RICHLAND, Wash. – More Hanford workers are starting to raise safety concerns about a massive nuclear waste treatment plant under construction in southeast Washington. A federal nuclear watchdog agency has called the safety culture at the Hanford facility “flawed.” That finding is bolstered by a string of new letters from workers who say they have firsthand knowledge of problems at the plant.
In early July, the number two manager at the U.S. Department of Energy came to Hanford. Dan Poneman’s visit came after a critical report from the Defense Nuclear Facilities Safety Board. It said Hanford managers and designers are afraid to bring up safety issues, especially those affecting budget or project time lines. Poneman tried to ease those worries.
“So you need to know, and I think you probably do know, that any time any of you have a safety concern you can raise it with your management,” he said. “And you need to know that you can do this without any fear of reprisal or retribution of any sort.”
Since that visit, 10 letters of concern from people claiming to be Hanford workers have been posted on the Defense Nuclear Facilities Safety Board’s website. Their opinions and personal experiences vary but the common theme is that Hanford’s safety culture is flawed.
Murray Thorson wrote one of those letters.
“When (Poneman) came here,” Thorson says, “I believe that he was looking for the truth and I thought I had relevant information to share. And I thought it wouldn’t be ethically right not to share it.”
Thorson is a chemical engineer for one of the Hanford contractors. For the last 10 years he’s worked on the waste treatment plant, for a time under the direction of a former manager who’s become a well-known whistleblower, Walter Tamosaitis. Now, Thorson works for a different contractor, spending part of his time reviewing designs for the waste treatment plant. Thorson says some might say he’s a stickler for details. But he says when it comes to treating nuclear waste, it’s the details that matter. And he says fixing problems will be harder as construction gets further along.
“It isn’t fair for me to say, ‘I know more than other people,’” he says. “Instead it’s, ‘I know there are legitimate issues that need to be resolved and it doesn’t appear they’re being resolved at a pace that will get the job done before start up is supposed to occur.’”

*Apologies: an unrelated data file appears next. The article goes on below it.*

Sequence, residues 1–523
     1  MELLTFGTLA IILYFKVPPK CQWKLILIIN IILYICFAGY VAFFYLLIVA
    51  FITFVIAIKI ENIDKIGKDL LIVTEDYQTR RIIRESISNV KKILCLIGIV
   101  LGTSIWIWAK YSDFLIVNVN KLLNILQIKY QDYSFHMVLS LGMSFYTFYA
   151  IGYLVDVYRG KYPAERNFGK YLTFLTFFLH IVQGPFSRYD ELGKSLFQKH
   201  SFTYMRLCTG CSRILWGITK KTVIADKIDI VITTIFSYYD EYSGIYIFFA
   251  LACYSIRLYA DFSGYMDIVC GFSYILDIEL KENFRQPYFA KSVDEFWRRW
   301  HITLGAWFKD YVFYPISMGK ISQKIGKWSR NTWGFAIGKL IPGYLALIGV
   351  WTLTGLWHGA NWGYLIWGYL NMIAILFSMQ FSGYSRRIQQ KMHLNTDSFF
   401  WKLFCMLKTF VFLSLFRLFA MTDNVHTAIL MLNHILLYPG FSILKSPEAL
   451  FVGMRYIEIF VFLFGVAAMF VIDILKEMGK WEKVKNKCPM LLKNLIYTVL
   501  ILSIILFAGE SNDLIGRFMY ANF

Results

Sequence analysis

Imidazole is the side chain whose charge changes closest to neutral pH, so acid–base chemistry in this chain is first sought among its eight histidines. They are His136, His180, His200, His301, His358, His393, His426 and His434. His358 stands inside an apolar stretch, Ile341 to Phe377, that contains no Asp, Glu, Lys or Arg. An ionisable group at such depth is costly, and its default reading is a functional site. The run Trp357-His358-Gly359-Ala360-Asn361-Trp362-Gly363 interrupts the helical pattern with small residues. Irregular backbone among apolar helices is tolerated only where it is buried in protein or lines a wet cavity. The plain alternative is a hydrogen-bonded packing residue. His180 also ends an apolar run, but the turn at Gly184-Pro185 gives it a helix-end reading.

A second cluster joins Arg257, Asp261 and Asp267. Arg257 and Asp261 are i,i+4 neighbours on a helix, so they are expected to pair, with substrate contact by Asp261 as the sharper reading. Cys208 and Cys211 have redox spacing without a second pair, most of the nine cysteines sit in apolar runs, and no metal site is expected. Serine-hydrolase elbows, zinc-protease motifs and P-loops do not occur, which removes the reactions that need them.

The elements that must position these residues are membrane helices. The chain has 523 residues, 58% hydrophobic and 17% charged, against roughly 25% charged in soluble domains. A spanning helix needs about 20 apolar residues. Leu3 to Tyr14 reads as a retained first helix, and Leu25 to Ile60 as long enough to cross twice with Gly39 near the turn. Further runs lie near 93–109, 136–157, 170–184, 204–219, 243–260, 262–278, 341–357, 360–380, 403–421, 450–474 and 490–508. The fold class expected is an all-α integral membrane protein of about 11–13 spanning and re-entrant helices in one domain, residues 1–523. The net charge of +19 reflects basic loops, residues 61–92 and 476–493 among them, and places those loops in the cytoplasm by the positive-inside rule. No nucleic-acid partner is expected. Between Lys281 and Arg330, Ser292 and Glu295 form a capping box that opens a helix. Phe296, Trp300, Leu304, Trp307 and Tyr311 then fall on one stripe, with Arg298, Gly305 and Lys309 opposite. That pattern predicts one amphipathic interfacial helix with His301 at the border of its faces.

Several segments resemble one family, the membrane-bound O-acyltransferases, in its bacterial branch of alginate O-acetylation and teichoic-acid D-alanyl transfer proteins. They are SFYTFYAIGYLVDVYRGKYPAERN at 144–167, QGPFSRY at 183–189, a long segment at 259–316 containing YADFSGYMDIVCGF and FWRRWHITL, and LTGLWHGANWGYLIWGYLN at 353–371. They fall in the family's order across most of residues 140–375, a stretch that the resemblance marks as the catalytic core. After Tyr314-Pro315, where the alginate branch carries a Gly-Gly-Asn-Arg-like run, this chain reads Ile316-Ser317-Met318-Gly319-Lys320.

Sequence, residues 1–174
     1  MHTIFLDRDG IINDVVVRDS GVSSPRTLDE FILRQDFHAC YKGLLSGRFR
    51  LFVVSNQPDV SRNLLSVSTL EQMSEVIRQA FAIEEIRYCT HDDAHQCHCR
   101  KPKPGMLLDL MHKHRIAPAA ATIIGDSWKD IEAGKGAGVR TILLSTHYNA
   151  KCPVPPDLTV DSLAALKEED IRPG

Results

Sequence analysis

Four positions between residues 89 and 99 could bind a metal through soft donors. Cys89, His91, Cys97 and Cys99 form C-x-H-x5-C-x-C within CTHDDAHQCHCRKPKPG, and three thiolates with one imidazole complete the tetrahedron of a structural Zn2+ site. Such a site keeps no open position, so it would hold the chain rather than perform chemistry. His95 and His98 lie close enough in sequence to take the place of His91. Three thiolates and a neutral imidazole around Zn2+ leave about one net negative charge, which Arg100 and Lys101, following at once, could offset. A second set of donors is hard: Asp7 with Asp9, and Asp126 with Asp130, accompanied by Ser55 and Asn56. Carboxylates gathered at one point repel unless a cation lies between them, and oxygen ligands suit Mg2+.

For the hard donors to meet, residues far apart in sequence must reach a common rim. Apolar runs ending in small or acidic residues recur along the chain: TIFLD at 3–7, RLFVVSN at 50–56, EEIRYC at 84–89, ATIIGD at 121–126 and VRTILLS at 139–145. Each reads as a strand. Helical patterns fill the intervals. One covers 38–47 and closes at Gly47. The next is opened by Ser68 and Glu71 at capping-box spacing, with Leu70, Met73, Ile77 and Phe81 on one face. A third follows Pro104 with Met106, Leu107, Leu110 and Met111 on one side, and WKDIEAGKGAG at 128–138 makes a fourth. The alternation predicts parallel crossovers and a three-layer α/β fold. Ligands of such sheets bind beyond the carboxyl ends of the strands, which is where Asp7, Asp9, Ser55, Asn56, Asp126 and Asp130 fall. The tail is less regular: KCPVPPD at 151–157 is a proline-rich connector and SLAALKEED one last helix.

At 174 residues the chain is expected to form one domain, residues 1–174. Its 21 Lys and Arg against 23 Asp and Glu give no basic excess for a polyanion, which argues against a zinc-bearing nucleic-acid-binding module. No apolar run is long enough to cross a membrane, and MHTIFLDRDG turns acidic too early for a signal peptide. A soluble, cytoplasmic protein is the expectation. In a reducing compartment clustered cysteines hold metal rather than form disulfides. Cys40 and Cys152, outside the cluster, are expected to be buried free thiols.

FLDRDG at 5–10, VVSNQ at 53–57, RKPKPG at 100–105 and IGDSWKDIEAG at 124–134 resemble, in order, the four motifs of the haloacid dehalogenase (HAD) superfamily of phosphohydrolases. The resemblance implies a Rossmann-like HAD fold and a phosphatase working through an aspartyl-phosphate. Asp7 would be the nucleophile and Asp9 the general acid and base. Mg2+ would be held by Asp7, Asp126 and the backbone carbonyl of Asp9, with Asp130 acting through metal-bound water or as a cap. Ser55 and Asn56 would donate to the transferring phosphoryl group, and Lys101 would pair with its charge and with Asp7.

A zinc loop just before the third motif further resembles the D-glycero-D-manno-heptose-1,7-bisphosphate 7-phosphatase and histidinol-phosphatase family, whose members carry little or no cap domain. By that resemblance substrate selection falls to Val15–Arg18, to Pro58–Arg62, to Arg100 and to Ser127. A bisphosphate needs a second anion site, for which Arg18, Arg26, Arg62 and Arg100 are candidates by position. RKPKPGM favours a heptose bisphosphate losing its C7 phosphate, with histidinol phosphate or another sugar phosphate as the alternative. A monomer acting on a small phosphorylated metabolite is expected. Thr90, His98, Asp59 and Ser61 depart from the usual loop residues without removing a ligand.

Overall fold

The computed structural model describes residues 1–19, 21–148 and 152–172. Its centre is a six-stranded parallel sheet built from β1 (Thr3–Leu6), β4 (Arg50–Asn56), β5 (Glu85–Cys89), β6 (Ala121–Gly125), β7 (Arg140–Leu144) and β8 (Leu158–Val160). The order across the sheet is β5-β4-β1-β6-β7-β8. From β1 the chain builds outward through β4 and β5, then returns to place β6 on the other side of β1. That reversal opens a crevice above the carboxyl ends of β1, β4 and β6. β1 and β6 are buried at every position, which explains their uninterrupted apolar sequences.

In his letter, Thorson says several times when he’s raised concerns about the plant, he’s been reprimanded or had his reputation or career injured. He attributes that to the amount of pressure the government and its contractors are under to build the plant on time and within budget. Government contracts include rewards, in the millions of dollars, for the companies if they meet certain deadlines. So Thorson says there is little management tolerance of any slowdowns.
“As issues are brought up they are not worked out thoroughly for the long-term mission,” Thorson says. “The focus easily can become shorter term.”
Few workers on the waste treatment plant have raised concerns like this publicly, especially those still employed on the project. Thorson is an unlikely whistleblower. His father was a Hanford engineer. Thorson was reluctant to be interviewed. But he has an analogy for his decision to speak up now.
As a young man Thorson was on a logging crew that prepared clear-cut areas for burning. His job was to chop out the roots with an axe to prevent fire from spreading into the open forest. Some workers would just dust over some of those roots to pass inspection.
“The right thing to do is to cut the root out. But it also slows down the progress,” he says. “It takes more effort to do the right thing. Where if you dress it up you can get through it faster.”
He adds: “When I was doing the job, I would take the roots out.”
The U.S. Department of Energy issued a statement in response to our questions about Thorson’s letter. Spokeswoman Jen Stutsman says her agency is “strongly committed to the health and safety of our workers and the public.” She says, “we appreciate the feedback we’ve received from both current and former employees as we work to further strengthen the safety culture at the site and ensure that the plant operates safely.”
Copyright 2011 Northwest Public Radio
On the web:
Read Murray Thorson’s letter: http://www.dnfsb.gov/sites/default/files/Board%20Activities/Letters/2011/ltr_2011718_15356.pdf
Defense Nuclear Facilities Safety Board Website:
Department of Energy’s Daniel Poneman: